Converting Colour for Print – Pantone to CMYK

 In Artwork, Artwork and file management, Artwork Studio, Colour Management, Finishing, Latest news

From Pantone to CMYK to RGB. When it comes to printing, some designers have run into issues with getting colours right.

It might seem like getting colours to appear accurate on printed media is complicated, but it has a simple solution.

CMYK is the most cost-effective and most popular print colour system on the market today. These four base colours can make just about any high-quality colour.

Firstly, what is CMYK?

CMYK is an acronym and stands for:

C- Cyan
M- Magenta
Y- Yellow
K- Black

CMYK is the colour mode used by commercial printing equipment to create full-colour graphics and images. It involves combining varying amounts of tiny dots of these colours, printed at different angles to achieve the desired image. The CMYK model uses subtractive colours. This is where the background starts off white (i.e. paper) and more colour is added.

Pantone Colours

Pantone colours are a standardised way to identify a specific printed colour. Designers typically choose pantone colours in their designs to keep brand consistency across mediums. Pantone colours are a pure mixed spot colour. It allows designers to colour-match specific colours regardless of the process used to produce it.

When designing for print you may use a pantone colour chart to get the exact print colour right for your project. It is possible to print in premixed pantone spot colours, but the price will skyrocket higher than Elon Musk flying to space. Learning how to convert these Pantone colours in CMYK will enable you to make your documents look as they should on a more cost-effective solution.

How to Convert Files from Pantone to CMYK

Since converting any file from Pantone to CMYK causes colour to shift, it’s crucial to make any necessary changes to compensate for these alterations. Make sure to check the Pantone Connect to see exactly what colours will look like after the piece is printed.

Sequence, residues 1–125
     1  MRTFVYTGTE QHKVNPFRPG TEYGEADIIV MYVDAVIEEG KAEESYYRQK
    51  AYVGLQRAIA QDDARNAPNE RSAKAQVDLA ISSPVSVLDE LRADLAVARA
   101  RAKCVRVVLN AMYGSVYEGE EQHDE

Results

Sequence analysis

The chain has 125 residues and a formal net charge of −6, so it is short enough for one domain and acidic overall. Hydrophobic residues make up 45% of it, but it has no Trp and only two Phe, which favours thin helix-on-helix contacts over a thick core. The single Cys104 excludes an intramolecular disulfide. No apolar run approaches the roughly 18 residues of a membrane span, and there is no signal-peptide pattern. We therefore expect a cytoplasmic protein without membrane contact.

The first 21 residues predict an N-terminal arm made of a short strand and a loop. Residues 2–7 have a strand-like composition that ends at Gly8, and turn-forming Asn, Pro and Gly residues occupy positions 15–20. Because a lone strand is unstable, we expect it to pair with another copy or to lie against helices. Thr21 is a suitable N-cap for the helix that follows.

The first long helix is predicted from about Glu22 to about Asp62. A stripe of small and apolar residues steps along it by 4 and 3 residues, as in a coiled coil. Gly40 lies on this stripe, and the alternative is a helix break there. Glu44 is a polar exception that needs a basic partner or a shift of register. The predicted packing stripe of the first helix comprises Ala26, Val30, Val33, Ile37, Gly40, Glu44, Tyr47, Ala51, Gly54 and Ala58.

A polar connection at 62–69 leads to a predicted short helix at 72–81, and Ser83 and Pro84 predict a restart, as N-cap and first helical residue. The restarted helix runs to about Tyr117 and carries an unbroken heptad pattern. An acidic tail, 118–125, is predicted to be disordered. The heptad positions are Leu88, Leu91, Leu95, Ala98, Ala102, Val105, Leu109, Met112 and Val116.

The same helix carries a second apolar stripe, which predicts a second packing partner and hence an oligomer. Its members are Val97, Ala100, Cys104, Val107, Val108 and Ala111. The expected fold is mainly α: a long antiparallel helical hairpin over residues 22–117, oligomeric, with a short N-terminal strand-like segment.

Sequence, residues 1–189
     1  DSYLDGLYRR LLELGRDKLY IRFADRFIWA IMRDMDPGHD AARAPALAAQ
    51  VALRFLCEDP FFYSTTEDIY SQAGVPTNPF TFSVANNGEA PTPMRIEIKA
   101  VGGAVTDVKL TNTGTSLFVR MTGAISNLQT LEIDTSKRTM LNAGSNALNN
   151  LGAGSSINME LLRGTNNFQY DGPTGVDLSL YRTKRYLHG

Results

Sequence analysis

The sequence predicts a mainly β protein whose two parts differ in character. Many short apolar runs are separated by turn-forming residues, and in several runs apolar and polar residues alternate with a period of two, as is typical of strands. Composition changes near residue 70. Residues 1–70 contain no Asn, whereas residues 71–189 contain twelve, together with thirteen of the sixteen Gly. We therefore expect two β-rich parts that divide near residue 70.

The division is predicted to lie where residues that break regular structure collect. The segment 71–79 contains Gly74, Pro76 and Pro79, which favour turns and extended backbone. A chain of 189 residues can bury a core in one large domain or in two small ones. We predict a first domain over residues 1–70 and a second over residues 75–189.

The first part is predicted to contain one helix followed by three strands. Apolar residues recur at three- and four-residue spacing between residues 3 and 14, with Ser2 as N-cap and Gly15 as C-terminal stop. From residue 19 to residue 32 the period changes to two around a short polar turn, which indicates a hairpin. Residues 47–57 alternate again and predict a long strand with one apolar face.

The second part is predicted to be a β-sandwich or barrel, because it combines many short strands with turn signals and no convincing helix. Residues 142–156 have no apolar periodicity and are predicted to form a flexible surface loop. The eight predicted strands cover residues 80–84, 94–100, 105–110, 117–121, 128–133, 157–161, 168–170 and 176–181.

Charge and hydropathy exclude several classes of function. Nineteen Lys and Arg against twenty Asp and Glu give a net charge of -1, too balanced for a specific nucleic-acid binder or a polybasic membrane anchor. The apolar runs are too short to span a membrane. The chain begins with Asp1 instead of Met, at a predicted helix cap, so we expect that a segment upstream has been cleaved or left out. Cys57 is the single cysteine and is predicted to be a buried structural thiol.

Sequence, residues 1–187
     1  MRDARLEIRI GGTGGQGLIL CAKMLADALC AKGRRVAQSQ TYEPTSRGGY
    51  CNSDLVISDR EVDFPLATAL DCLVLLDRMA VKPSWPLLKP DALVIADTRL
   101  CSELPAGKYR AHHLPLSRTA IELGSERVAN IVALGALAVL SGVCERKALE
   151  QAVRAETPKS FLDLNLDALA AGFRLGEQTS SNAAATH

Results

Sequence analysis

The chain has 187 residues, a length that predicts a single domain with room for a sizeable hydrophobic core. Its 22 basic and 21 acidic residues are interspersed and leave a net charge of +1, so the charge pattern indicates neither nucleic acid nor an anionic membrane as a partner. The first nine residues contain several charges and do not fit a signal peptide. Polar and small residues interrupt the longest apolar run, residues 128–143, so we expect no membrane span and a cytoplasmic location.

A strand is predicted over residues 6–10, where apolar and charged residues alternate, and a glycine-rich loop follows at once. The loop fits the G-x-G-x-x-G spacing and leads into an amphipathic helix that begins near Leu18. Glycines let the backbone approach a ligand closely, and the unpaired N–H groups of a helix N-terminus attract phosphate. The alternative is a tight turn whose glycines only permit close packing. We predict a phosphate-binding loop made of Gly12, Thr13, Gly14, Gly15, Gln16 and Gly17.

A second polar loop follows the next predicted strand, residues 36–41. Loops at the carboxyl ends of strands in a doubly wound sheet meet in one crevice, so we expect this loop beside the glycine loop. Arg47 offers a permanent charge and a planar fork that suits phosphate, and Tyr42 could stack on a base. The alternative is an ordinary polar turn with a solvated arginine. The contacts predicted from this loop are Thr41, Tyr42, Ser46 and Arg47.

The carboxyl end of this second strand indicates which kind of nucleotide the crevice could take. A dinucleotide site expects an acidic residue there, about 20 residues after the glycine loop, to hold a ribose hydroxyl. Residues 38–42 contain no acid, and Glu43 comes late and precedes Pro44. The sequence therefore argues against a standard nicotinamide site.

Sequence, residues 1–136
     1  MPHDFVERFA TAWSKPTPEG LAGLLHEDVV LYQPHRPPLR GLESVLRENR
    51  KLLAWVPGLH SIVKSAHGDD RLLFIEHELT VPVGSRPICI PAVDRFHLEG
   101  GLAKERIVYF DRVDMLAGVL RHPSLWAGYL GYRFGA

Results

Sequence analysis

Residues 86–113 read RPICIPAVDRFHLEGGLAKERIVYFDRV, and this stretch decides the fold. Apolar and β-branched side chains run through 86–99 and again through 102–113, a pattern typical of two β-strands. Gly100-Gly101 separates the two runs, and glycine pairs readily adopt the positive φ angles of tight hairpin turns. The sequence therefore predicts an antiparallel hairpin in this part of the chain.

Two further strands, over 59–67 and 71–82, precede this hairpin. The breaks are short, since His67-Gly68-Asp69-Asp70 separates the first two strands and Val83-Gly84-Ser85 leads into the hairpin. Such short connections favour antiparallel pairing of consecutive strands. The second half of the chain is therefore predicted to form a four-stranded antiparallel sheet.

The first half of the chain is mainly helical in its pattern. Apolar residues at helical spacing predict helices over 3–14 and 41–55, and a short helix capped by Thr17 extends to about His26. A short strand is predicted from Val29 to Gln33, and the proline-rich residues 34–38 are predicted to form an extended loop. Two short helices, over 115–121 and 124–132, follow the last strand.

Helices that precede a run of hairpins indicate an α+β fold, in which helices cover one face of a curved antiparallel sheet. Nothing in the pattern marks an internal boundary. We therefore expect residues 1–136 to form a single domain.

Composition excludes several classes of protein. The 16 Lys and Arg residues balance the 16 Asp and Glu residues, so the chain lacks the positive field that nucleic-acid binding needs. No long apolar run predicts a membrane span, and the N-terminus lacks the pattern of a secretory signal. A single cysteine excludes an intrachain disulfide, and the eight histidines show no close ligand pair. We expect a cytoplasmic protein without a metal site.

Convert Pantone to CMYK using Photoshop

  • Just click on Image, Mode and CMYK colour

 

Convert Pantone to CMYK using Illustrator

  • Click on Edit, Edit Colours and then click on Convert to CMYK.
  • Next, you need to click twice on one of the Pantone colours in the palette.
  • After that, go to the Colour Mode menu and click on CMYK.
  • Also, go to the Colour Type menu and click on Process before clicking on OK.
  • Make sure to repeat these quick steps for each and every Pantone colours in your file

Convert Pantone to CMYK using InDesign

  • Click on Window, Colour and Swatches.
  • Next, go to the upper right corner and click on the arrow before choosing Select All Unused. After that, delete unused
  • colours by clicking on the trashcan icon.
  • Now you need to click twice on one of the Pantone colours in the palette.
  • Go to the Colour Mode menu before choosing CMYK and go to the Colour Type menu before choosing Process. Click OK.
  • Make sure to repeat these quick steps for each and every Pantone colours in your file

RGB

Paper is not the same as light, yet nearly every designer relies on their computer screen for their printed work. The computer screen, as with other digital screens uses RGB (Red, Green and Blue). RGB colours are known as additive, meaning they are created with light. Additive colours start off black and as colour is added they turn lighter and lighter until they’re white. The screen you’re currently reading from shows colours made of light. RGB is basically the opposite to CMYK. RGB starts black and turns white, whereas CMYK starts white and turns black.

Printed Material

The printed colour will look, not only, different to what you see on screen, but what it is printed on. Pantone’s spot colours come in a variety of formats such as uncoated or coated and whether it will be printed on matte or glossy paper. Again, the printed product will look different to the naked-eye so it is important to convert your colours when printing in CMYK.

Need help with your Colour Conversions?

Still need help with Pantone, CMYK or RGB? We’re more than happy to help and offer expert advice at hand. So, if you have a question, or would like to know more, follow the link or get in touch on 01625 870 000.

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